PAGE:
‘I had no idea what we were doing’: Dallas Cowboys owner Jerry Jones speaks out about a controversial photo of him among a group of white teenagers barring African-American students from their Arkansas high school in 1957 denied
Jerry Jones, owner of the Dallas Cowboys, has addressed a controversial photo of him recently discovered by the Washington Post.
In the photo, Jones can be seen standing in a group of white students, trying to stop six African-American students from entering and integrating into the school.
After the Thanksgiving Day game against the Giants, Jones commented on the photo, saying, “That was 65 years ago. I had no idea when I walked upstairs what we were doing. It just reminds me how to improve things and do things the right way.”
Dallas Cowboys owner Jerry Jones further elaborated on the controversial photo discovered of him in a group of white students blocking a group of African-American students from entering and integrating North Little Rock High School in Arkansas.
Rebellious white students at North Little Rock High School in Arkansas barred the doors of the school and, on September 9, 1957, denied access to six African-American students. Moments later, the African-American students were pushed down a flight of stairs and onto the sidewalk, where city police broke up the altercation. CIRCLED: 14-year-old Jerry Jones
Jones had previously admitted it was him in the 1957 photo, saying “I don’t know that I or anyone else expected or had any background to know … what was involved,” he said. “It was more of a curious thing.”
In the photo, Jones is clearly watching from behind an older group of students and whether he played any further role in the incident is unknown.
What is known is that not all of the students in the crowd were there for the sole purpose of curiosity.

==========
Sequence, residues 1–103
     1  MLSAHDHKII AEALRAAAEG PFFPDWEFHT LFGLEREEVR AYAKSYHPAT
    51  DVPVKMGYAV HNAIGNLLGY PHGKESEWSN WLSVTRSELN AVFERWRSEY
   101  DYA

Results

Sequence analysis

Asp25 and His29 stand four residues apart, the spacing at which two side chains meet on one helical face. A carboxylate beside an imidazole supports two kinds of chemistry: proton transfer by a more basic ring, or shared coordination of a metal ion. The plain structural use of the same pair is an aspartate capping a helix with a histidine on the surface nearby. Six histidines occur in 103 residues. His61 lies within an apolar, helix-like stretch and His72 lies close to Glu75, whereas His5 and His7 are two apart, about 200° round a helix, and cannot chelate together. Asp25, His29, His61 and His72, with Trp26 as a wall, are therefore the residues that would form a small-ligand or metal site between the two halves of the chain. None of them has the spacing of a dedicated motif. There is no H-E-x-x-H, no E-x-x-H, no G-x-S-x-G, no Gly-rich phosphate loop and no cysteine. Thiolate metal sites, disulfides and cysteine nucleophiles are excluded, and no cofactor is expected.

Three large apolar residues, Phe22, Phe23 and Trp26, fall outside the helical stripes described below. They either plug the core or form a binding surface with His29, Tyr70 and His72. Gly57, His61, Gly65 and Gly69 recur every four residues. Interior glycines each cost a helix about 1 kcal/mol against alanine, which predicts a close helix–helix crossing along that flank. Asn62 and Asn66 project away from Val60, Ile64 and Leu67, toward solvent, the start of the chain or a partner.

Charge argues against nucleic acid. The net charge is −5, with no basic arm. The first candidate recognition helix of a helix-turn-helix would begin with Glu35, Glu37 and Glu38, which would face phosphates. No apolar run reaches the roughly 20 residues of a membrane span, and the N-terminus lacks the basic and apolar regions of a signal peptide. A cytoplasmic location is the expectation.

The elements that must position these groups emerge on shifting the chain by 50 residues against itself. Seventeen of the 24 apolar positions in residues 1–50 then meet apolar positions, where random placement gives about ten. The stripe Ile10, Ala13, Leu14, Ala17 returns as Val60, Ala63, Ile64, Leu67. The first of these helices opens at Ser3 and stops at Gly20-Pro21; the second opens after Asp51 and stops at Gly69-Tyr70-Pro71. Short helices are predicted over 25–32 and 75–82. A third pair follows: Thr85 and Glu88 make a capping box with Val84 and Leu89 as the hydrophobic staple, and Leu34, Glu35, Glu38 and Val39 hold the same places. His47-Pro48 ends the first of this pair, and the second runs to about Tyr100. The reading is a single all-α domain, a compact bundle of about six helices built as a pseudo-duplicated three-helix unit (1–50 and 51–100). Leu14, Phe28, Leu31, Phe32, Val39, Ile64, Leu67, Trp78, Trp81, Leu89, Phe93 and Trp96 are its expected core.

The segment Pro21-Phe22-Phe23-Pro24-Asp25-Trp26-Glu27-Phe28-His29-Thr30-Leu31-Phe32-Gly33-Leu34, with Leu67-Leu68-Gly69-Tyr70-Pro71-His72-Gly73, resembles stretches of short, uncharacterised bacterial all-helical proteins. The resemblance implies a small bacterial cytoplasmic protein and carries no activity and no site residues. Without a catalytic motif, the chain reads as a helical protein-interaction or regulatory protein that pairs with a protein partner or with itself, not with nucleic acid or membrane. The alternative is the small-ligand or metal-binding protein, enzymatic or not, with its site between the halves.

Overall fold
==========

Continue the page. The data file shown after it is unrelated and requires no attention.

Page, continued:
As one black student, Richard Lindsey, explained, a white student put his hand behind his neck as he announced to the crowd, “I want to see how a ***** feels.”
The new enrollees decided not to attend the school.
This view, taken from the doors of North Little Rock High School, shows students rushing to stop six African-American boys from trying to attend the first day of class, September 9, 1957. The children had previously enrolled at the school. At the door, white students blocked the entrance and managed to drive back the black students.
Jones hasn’t been very vocal about racial issues since buying the Cowboys in 1989, unlike many of his co-owners over the years.
He has also expressed questionable views on issues in the competition related to racing in the past.
Jones voiced objections to the NFL’s Rooney rule, which requires teams to interview at least one candidate from an outside minority for top positions, and he has never hired a black head coach or head manager.
Jones did object to protests during the 2017 NFL season, when many African-American players took to their knees to raise awareness of racist police practices. He finally knelt with his entire team in September 2017 (pictured) in a choreographed demonstration that took place while the national anthem was not playing
The Cowboy’s owner also objected to protests during the 2017 NFL season, when many African-American players took to their knees to raise awareness of racist police practices.
He finally knelt with his entire team in September 2017 in a choreographed demonstration that took place while the national anthem was not playing.
“Our players wanted to make a statement about unity and we wanted to make a statement about equality,” Jones said at a press conference after the game.
“They were well aware that statements made or attempted in and as part of the recognition of our flag could lead to not only criticism but also controversy.
“It was very easy for everyone in our organization to see that the message of unity, the message of equality, if you will, was pushed aside or weakened by the controversy.”